Half Of Covid Patients With Secondary Infection Dying
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Overuse of antibiotics and superbugs could be worsening the Covid-19 pandemic in India, according to an ICMR study across 10 hospitals, including two in Mumbai. The study showed that more than half of the Covid-19 patients who get a secondary bacterial or fungal infection die. A secondary infection is one which occurs during or after the treatment of another infection.

The numbers in the study are small: 4% of the 17,000 Covid patients studied had secondary bacterial and fungal infections. But ICMR scientist Kamini Walia, who led the study, said extrapolating these numbers to the overall Covid hospitalisations shows lakhs of people must have had a prolonged hospital stay, needing higher doses of antibiotics to stave off hospitalisation-acquired infections that typically develop after 10 days.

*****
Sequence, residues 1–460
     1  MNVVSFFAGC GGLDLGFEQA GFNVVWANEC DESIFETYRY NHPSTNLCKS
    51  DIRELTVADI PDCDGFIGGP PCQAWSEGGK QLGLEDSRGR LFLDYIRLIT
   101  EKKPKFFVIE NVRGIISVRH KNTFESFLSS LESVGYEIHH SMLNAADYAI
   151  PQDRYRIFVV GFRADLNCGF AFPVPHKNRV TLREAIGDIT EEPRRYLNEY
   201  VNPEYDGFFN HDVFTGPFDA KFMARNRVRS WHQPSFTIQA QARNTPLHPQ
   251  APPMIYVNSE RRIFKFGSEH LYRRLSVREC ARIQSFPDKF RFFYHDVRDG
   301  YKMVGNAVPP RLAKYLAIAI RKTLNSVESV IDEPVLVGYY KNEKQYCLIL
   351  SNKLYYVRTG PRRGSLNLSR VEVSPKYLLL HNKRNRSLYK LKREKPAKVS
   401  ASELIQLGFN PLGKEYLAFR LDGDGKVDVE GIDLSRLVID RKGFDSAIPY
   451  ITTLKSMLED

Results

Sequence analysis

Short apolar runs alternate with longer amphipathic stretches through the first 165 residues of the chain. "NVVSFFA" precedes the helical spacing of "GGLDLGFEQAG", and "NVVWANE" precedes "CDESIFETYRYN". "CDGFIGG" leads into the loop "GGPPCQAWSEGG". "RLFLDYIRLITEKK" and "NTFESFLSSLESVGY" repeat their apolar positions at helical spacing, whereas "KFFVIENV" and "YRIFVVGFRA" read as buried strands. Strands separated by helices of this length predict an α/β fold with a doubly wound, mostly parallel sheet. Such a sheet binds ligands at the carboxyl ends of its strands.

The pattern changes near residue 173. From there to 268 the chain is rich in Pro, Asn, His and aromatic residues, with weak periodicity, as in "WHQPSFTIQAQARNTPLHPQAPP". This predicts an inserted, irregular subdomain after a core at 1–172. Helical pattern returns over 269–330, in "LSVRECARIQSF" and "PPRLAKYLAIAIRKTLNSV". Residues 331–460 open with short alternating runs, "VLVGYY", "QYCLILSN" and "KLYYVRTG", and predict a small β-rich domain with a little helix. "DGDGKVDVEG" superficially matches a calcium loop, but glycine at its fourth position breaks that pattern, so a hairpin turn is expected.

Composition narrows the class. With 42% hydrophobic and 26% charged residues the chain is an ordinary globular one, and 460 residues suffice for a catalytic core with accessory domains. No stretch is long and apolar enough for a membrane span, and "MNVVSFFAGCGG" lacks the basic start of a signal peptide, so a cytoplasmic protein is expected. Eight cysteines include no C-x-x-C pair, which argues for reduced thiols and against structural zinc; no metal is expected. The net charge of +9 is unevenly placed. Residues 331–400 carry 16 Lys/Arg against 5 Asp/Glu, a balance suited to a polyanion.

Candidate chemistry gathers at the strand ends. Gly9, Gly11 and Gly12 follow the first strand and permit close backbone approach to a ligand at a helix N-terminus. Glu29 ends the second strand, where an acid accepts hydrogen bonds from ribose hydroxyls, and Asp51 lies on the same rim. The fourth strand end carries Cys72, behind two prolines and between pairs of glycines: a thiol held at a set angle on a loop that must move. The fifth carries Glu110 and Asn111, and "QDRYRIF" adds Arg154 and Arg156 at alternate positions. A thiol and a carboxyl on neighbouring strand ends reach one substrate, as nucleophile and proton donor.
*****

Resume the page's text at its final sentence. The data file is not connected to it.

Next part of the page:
Covid-19 mortality across the world is10%. The sub-group of patients with Covid-19 plus a bacterial or fungal infection, that was part of the ICMR study, had 56.7% deaths.

~ ‘Giving antibiotics for no reason wipes out good bacteria too’

The study also highlighted that many patients needed potent antibiotics as they had superbugs that couldn’t be treated with usual antibiotics. Half of the Covid patients with bacterial infection (52.36%) were given watch category antibiotics as per the World Health Organisation; these are meant to be judiciously used for specific types of infections. A fifth of these patients were given antibiotics categorized as last resort or reserve category.

Drug-resistant variants of Klebsiella pneumonia, acinetobacter baumannii and pseudomonas aeruginosa were among the most common bacterial infections. Overuse of antibiotics and anti-fungals could have contributed to a surge in rare infections such as black fungal or mucormycosis.

17% of the Covid-19 patients had secondary infections, 73% were given antibiotics. Antibiotics are needed for such a Covid patient, but what is worrying is excess antibiotics that could cause 'pressure' on the pathogens who will end up becoming drug-resistant. The longer a patient stays in hospital, higher is the chance of him/her requiring ICU or ventilator.

The pattern of antibiotic use at home by Covid patients too could have long-term repercussions; after the rampant use of azithromycin, it remains to be seen if it will be effective against typhoid in the future, said Dr Walia.